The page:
Monday, November 28, 2011

Celebrities Prove Illuminati Are Real

Remember my exchange with the Illuminati? I have yet to get any of my friends to admit to writing the mysterious letter that showed up on my front door after that post, but let's just say I have strong suspicions and we'll leave it at that. The whole concept of a real Illuminati as envisioned by conspiracy theorists is fundamentally ridiculous, and even sillier is the notion that various celebrities are secretly doing their bidding by embedding subliminal messages in their music. Back when theories about secret messages in music were first making the rounds, psychologists tested whether it was feasible to transmit information that way and concluded it doesn't work at all. You would think that if the Illuminati were so wise and powerful they would choose a functional method of brainwashing. At any rate, last week Slate put up an article about these pop-music conspiracy theories which makes for some entertaining reading.

Welcome to the world of pop-music trutherism, a bustling, grassroots exposĂ© industry in which Eminem is one of many performers called out by anonymous instigators for Illuminist sympathies. The best conspiracy theories go all the way to the top, and this one goes all the way to the top of the charts. Jay-Z? An “Illuminati puppet.” Lady Gaga? An “Illuminati whore.” Kanye West, Lil Wayne, BeyoncĂ©, Rihanna—Illuminati agents all. (Michael Jackson and 2Pac, it turns out, were victims of Illuminati-ordered assassination.) The Illuminati investigation unfolds sloppily but vigorously across countless sites, from YouTube to Twitter to fan discussion boards to dedicated shops like VigilantCitizen.com. The trained eye can spot Illuminati sartorial choices, like goat-themed jewelry and T-shirts, worn in ostensible tribute to Baphomet, a horned pagan deity who intrigued Aleister Crowley. There is Illuminati semaphore, such as framing one’s eye with the palms tipped together in a pyramid shape or otherwise isolating an eye to evoke the “all-seeing eye” on the back of a dollar bill, an image with Masonic origins. There are Illuminati lyrics, like Eminem’s mention of a “New World Order” on “Lose Yourself” or the references he and Jay-Z have made, separately, to a mysterious, powerful figure they call the “Rain Man” (the theorists are apparently unfamiliar with Dustin Hoffman’s IMDb page).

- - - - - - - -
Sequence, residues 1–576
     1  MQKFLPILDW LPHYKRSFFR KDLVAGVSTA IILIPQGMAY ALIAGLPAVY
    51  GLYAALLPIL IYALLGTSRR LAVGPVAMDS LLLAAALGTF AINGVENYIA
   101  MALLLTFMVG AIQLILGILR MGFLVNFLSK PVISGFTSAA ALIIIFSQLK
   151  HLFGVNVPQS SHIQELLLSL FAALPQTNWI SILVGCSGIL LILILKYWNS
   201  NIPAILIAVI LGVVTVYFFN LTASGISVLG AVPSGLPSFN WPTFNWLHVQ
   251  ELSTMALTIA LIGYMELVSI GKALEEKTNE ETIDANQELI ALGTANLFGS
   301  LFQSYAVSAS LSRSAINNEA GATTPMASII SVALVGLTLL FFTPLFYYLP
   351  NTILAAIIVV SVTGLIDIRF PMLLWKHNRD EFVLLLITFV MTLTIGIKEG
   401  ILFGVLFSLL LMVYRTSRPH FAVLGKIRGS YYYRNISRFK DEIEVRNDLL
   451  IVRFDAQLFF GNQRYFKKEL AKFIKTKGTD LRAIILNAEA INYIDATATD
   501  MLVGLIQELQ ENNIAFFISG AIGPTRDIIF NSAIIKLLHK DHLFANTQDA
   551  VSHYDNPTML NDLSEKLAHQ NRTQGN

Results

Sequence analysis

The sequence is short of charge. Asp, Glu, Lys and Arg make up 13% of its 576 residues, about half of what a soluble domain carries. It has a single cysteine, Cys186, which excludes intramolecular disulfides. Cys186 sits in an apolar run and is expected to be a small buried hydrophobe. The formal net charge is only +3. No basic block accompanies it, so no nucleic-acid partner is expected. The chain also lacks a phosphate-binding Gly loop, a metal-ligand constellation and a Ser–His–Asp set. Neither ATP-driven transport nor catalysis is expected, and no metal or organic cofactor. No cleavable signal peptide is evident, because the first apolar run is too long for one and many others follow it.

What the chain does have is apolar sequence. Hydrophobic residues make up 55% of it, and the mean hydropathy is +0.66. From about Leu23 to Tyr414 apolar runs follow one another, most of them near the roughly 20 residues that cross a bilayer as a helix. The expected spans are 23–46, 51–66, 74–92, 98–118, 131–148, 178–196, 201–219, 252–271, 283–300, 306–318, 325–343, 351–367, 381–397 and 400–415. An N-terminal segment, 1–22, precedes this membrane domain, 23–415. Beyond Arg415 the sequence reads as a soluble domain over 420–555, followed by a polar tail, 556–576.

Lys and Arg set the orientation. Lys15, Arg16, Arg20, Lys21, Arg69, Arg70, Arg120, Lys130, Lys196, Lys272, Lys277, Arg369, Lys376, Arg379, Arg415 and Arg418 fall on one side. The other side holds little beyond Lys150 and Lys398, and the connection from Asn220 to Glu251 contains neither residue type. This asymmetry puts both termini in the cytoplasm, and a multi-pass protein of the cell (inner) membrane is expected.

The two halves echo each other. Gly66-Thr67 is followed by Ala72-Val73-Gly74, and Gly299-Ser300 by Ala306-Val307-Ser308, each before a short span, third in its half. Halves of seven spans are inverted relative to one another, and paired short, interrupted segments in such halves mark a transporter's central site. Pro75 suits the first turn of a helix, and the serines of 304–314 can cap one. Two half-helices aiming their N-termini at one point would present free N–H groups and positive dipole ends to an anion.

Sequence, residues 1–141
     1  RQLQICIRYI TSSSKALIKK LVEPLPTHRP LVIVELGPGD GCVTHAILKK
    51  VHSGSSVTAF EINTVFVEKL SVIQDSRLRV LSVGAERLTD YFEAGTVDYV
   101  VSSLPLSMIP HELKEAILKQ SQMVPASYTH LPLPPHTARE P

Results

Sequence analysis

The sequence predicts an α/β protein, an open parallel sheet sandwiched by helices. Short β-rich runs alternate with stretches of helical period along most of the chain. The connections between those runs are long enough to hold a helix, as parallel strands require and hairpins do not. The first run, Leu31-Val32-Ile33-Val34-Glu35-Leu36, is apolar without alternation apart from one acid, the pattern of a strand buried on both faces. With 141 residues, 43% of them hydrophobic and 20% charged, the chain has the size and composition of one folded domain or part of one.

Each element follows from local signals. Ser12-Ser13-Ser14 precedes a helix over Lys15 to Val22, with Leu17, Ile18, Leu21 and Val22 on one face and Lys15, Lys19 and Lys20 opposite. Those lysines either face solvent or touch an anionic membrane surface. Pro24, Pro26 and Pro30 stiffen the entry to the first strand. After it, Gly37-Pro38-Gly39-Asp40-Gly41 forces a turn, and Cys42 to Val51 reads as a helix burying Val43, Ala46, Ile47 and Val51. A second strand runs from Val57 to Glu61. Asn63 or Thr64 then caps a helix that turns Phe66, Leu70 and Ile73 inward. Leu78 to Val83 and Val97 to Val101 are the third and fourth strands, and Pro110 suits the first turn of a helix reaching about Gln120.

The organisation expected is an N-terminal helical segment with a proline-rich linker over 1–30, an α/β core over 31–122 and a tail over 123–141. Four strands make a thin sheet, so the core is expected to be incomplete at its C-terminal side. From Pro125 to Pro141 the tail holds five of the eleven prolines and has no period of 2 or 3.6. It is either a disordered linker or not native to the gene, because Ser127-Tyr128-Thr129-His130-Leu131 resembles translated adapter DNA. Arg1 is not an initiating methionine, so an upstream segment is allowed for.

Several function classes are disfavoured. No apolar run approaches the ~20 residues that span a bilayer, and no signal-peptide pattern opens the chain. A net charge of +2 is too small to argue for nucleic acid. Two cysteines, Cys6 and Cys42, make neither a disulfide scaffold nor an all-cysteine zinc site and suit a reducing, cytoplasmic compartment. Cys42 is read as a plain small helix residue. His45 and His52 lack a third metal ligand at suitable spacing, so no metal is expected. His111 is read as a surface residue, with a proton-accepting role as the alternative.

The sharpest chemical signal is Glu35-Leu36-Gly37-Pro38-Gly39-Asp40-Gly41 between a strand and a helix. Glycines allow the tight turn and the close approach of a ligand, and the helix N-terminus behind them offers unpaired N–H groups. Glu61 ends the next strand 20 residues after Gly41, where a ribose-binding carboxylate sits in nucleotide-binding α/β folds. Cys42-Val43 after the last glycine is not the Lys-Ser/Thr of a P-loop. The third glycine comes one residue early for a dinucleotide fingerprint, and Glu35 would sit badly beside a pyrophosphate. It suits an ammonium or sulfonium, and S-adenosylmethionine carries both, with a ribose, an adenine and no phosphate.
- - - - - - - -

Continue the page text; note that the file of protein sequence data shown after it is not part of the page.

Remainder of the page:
Don't get me wrong, I know there's a real global elite controlling much of the world's economy - Forbes Magazine publishes a list of the top 400 American members every year. It's also conceivable that a significant percentage of them have used magick to help build up their wealth, since becoming that rich without inheriting it requires incredible luck and that's one of the things magick is especially good at. But why would they bother with something as pointless as engineering pop-music messages when they can spend their money lobbying against financial regulation and get a lot more bang for their buck? I highly doubt that they care much about the content of popular music as long as it sells, and the idea of a unified conspiracy is belied by the fact that many of the super-rich can't stand each other and often work at cross purposes.

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2 comments:

Jason Miller, said...

Have you read all the stuff about Tuesday Weld and the Druidic Illuminati.

I know I am convinced :-)

Ananael Qaa said...

Heh. I haven't seen that story yet - I'll have to check it out. After all, if it's on the Internet it has to be true, right? ;-)

I also think Adam Weishaupt would be none too happy about being referred to as a Druid...